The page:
March 26, 2010

On donuts (with bacon).

Posted in Baking, Recipe tagged , , , , , , , , at 2:39 pm by Dani

Straight from the things-that-seem-gross department, Bacon donuts:

Bacon Donut
I apologize for the quality. Phone camera. Who wants to buy me a camera?

Oh, so you want a little more explanation? Fine, be that way.

First thing’s first. Gotta give a quick shout out to my friend Sarah, with whom I have a friendship based entirely on our love for food. In short: We like cheese. Without Sarah’s support, I never would have had the courage to throw bacon on a donut.

 Bacon Donuts (and regular ones too!)

If you’ve been reading my blog, you know by now that I live (well, bake mostly) by the word of Alton Brown. So, without further ado, I give you where I started:

***PLEASE NOTE: This is not the entire episode. This is part two.

If you don’t want to watch, of if you can’t memorize all that: here is the recipe all written down for you. Food network dot com is wonderful.

First thing I do when baking from a recipe is gather the ingredients and measure them all out into containers. This might mean more dishes, but it makes everything so much easier. The end result looks like this:


Now lets talk about the bacon element. I really wanted to fry the bacon donuts in bacon grease, which meant I needed a lot of it. So, when I went to the market to buy bacon, I looked for the fattiest one I could find. In order to save the grease, what you have to do is lay the bacon onto a cooling rack or something similar (It needs to have holes big enough for the fat to drip through, but not too much space that the meat falls through. And of course, it needs to be oven-safe). Then put the cooling rack or equivalent into a cookie sheet or baking pan; something that can catch all the grease. This is what it should look like:

Really really really fatty bacon. You might want to spread them out more, but I found that it was fine like this.

Bake in oven at 400 degrees F or until the fat is almost completely melted away. Be careful not to let the bacon burn because you’re waiting for the fat to melt off completely. Something to try: Maybe cut a big portion of the fat off and “cook” it without the bacon for about 10 minutes, then add the strips of meat. I didn’t do this, but it’s something to think about. I almost burned all the bacon waiting for the fat to liquify. If you really want to go all out, you could buy the fatty bacon and also a package of bacon to cook for the meat part. That way you could cook the first former without worrying about overcooking.

I poured all the grease through a regular strainer to get all the chunks out. If you have a cheesecloth you could run it through that to get a pristine oil, but this was sufficient. I ended up with about 2 cups of grease, which was enough for a small saucepan. Yeah, I know, you’re not really “supposed” to fry things in saucepans, but I can tell you from experience that it works, so who cares? This amount of grease lasted me about 10 donut holes, which was quite enough. Lastly, crumble bacon once cooled. You’ll be sprinkling it onto the donuts at the very end.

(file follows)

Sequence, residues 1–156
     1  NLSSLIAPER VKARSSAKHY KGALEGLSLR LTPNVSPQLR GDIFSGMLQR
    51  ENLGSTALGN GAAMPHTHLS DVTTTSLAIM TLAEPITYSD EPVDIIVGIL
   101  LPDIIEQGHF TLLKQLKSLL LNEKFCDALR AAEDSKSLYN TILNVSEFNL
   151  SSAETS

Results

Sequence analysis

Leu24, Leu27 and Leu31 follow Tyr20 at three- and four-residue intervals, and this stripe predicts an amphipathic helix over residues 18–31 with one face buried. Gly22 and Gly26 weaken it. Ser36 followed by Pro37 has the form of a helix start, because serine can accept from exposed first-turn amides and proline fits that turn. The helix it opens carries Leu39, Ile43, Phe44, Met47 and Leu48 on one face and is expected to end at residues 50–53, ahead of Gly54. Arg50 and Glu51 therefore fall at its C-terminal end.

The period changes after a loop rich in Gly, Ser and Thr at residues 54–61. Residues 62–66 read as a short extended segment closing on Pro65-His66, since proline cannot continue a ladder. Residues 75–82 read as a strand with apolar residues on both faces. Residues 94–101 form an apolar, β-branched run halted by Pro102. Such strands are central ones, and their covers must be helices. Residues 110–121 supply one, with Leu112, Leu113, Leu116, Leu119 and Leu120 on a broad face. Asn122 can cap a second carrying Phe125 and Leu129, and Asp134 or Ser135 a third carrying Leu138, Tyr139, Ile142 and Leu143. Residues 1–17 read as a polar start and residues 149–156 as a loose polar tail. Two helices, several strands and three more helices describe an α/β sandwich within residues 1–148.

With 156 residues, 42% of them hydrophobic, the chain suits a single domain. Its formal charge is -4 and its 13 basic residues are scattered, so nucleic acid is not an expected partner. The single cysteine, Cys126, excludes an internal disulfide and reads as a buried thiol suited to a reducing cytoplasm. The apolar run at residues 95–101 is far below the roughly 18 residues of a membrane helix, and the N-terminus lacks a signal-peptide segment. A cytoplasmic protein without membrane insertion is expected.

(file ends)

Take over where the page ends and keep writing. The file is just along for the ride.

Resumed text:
Left: Grease. Right: Bacon.


Follow the instructions on the food network site I linked to at the beginning of this post. Yeah, this one. But first, read the next three paragraphs. Don’t have a stand mixer? Neither do I. Read the next two paragraphs.

two donuts: a warning
See the one on the right? That’s why you should read my advice first. The left was the second attempt. Lots of flour. You’ll understand in about 2 paragraphs.

This is the part where you’re going to think I’m crazy (assuming you didn’t already think that). I watched Good Eats, and proceeded to spend half a day trying to find a stand mixer with a dough hook attachment to borrow. Seriously. Half a day. I REALLY wan’t one. Anywho, in the end I didn’t manage to get my hands on one, so I kneaded the dough by hand. After sufficient googling, I felt confident that this would work just as well. In fact, I found many webpages dedicated to the question, “Can the dough hook ever replace kneading by hand?” I took this to mean the two are relatively interchangeable. So I used my hand mixer to mix the dough until it was too think to use with my sad little-engine-that-could machine. Then I started kneading. I kneaded for about 45 minutes total.

If you use this recipe and decide to do what I did, note that the dough will be VERY VERY sticky. One option is to flour your hands and add flour until kneading is comfortable, but I didn’t want to do that because I worried that it would ruin the fluffiness of the donuts. So instead I went the patiently-deal-with-dough-stuck-to-everything route. I just kept working at the dough even though it made my hands look like Incredible Hulk hands, only not green. At first it didn’t seem like anything was happening, but I kept working the dough until eventually it was more interested in sticking to itself than anything else. The key point here: Patience.

Also worth noting is how much flour you need when rolling out the dough. The answer is: A lot. The dough was really soft, which is good, but it also means it doesn’t hold its shape so well when you try to pull it off the counter. So remember: LOTS OF FLOUR. Again: LOTS OF FLOUR. Cover your surface ENTIRELY before you start working with the dough.

Next time we’ll talk glaze. Stay tuned.